# Difficult simplification for Arc length integral

1. Apr 7, 2014

### nicnicman

1. The problem statement, all variables and given/known data
Find the length of the curve
$x = 3 y^{4/3}-\frac{3}{32}y^{2/3}, \quad -64\le y\le 64$

2. Relevant equations
Integral for arc length (L):
$L = \int_a^b \sqrt{1 + (\frac{dy}{dx})^{2}} dx$

3. The attempt at a solution
Using symmetry of the interval and the above integral for arc length I got
$L = 2\int_0^{64} \sqrt{1 + (4y^{\frac{1}{3}-}\frac{1}{16y^{\frac{1}{3}}})^{2}} dy$

Unfortunately, I'm having trouble integrating this beast. Using Wolfram Alpha as a last resort, I found the integrand can be simplified to this:
$4y^{\frac{1}{3}}+\frac{1}{16y^{\frac{1}{3}}}$
However, I can't see how Worlfram made this simplification. (A step-by-step solution was not available.)

Could someone show me how the the original integrand could be simplified to this form? After that I should be fine.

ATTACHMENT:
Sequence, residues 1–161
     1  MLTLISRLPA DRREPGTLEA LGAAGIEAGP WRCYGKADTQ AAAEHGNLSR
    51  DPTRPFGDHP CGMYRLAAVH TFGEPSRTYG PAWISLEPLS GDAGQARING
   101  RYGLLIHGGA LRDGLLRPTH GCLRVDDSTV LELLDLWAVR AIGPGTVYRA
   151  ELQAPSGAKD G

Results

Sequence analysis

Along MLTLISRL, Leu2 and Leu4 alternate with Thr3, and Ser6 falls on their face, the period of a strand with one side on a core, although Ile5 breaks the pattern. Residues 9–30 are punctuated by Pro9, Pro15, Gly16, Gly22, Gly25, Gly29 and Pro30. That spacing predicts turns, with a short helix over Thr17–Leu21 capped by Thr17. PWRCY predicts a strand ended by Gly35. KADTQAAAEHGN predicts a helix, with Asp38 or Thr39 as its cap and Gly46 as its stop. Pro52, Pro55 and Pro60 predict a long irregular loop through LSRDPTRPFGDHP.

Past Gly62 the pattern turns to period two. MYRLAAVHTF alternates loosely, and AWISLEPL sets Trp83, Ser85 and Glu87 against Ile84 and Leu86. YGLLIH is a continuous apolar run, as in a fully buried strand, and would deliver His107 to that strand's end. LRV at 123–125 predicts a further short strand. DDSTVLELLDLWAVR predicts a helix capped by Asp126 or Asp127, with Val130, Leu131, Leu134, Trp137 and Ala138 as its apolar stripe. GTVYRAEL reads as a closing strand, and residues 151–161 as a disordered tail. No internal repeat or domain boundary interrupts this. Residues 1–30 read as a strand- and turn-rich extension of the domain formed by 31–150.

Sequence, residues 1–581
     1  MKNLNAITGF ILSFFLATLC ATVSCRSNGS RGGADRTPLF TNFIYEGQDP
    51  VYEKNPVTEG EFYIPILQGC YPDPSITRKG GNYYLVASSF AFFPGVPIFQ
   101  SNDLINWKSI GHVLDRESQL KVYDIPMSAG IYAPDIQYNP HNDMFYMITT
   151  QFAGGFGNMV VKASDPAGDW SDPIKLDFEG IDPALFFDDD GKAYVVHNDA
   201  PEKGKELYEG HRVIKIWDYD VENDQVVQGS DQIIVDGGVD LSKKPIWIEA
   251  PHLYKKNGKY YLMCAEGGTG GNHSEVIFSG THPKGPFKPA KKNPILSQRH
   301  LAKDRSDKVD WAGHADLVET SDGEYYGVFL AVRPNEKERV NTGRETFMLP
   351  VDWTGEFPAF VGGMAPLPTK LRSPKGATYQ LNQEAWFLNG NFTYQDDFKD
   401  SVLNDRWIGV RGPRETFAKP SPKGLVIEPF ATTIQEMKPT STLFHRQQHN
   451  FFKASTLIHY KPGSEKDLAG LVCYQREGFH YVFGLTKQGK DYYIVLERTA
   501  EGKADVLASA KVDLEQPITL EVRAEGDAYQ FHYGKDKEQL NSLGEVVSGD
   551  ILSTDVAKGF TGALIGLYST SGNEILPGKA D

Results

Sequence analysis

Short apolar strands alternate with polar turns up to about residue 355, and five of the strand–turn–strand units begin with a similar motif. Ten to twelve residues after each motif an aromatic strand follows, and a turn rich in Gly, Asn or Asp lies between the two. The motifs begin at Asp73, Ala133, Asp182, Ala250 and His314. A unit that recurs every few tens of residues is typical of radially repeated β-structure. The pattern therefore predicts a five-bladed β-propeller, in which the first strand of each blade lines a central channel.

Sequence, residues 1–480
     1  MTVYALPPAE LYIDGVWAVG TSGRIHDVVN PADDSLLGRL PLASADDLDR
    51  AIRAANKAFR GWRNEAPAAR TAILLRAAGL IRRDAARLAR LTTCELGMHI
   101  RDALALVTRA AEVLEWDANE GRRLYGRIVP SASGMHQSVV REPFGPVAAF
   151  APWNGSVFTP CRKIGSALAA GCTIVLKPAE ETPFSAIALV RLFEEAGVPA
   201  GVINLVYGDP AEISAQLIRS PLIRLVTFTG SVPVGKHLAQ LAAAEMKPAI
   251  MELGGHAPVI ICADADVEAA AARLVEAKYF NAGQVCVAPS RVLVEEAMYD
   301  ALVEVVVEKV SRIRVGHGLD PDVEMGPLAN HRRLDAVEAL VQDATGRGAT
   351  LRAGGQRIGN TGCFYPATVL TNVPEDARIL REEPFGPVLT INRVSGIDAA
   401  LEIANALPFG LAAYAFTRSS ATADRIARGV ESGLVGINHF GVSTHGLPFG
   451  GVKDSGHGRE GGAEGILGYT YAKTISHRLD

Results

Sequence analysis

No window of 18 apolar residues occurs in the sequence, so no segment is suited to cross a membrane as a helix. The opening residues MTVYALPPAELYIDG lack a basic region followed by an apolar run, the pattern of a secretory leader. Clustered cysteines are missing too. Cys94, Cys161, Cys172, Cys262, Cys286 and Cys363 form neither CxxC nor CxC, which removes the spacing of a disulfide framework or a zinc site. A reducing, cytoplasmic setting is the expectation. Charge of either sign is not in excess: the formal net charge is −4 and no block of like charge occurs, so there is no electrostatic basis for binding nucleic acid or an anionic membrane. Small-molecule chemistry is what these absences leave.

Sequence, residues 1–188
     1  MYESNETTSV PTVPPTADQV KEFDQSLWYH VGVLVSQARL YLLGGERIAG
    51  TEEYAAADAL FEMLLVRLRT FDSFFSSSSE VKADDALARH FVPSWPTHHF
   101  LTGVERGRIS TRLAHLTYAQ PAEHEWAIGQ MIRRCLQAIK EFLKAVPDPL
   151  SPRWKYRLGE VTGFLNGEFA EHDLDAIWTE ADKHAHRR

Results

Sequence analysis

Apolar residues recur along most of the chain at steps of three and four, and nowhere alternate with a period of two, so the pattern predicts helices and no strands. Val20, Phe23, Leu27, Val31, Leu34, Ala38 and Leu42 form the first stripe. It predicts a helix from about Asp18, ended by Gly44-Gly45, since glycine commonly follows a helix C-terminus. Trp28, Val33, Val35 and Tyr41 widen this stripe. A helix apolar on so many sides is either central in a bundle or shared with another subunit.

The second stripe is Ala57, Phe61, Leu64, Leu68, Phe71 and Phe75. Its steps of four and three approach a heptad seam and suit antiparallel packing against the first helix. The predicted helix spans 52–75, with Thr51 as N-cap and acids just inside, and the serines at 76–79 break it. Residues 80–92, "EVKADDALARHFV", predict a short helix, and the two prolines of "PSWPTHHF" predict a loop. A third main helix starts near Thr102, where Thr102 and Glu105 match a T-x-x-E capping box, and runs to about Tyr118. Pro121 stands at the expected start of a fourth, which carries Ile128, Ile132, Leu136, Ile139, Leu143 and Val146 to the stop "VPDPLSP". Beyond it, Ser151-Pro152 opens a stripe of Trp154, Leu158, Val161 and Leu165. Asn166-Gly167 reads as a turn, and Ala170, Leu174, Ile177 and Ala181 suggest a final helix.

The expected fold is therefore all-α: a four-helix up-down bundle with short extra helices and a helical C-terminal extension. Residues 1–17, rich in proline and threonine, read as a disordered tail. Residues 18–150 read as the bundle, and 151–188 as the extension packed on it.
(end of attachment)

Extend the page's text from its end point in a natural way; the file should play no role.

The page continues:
Last edited: Apr 7, 2014
2. Apr 7, 2014

### az_lender

The expression 4y1/3 - (1/16)y-1/3 isn't dy/dx, it's dx/dy. So the differential in your expression for L should be dy rather than dx. But, OK, to answer your actual question:

The expression under the radical sign can be simplified if you square the parenthesized expression by the rules of high-school algebra. It comes out to 16y2/3 - 1/2 + (1/256)y-2/3, so when you add 1 to it, the -1/2 becomes a +1/2, and the square root is just the same as what was formerly in the parentheses...except now the minus is a plus.

3. Apr 7, 2014

### nicnicman

Yeah I know the dx and dy are backwards...it's just the generic formula we were given. Sorry for any confusion.

I did expand the expression under the radical and came up with the same expansion you did, but I still could not see a good way to integrate it.

That's when I turned to Wolfram and found the simplification shown in the original post. However, I don't see how to get to that simplification.

Last edited: Apr 7, 2014
4. Apr 7, 2014

### Dick

Just follow az-lender's lead and factor 16y^(2/3) + 1/2 + (1/256)y^(-2/3) into a perfect square.

5. Apr 8, 2014

### Staff: Mentor

It's likely that you were given three formulas: one where y is a function of x, another where x is a function of y, and a third where x and y are functions of a parameter such as t. It's important to know which one to apply to a given situation - you can't just mix and match things.

6. Apr 8, 2014

### nicnicman

Okay thanks for the help everyone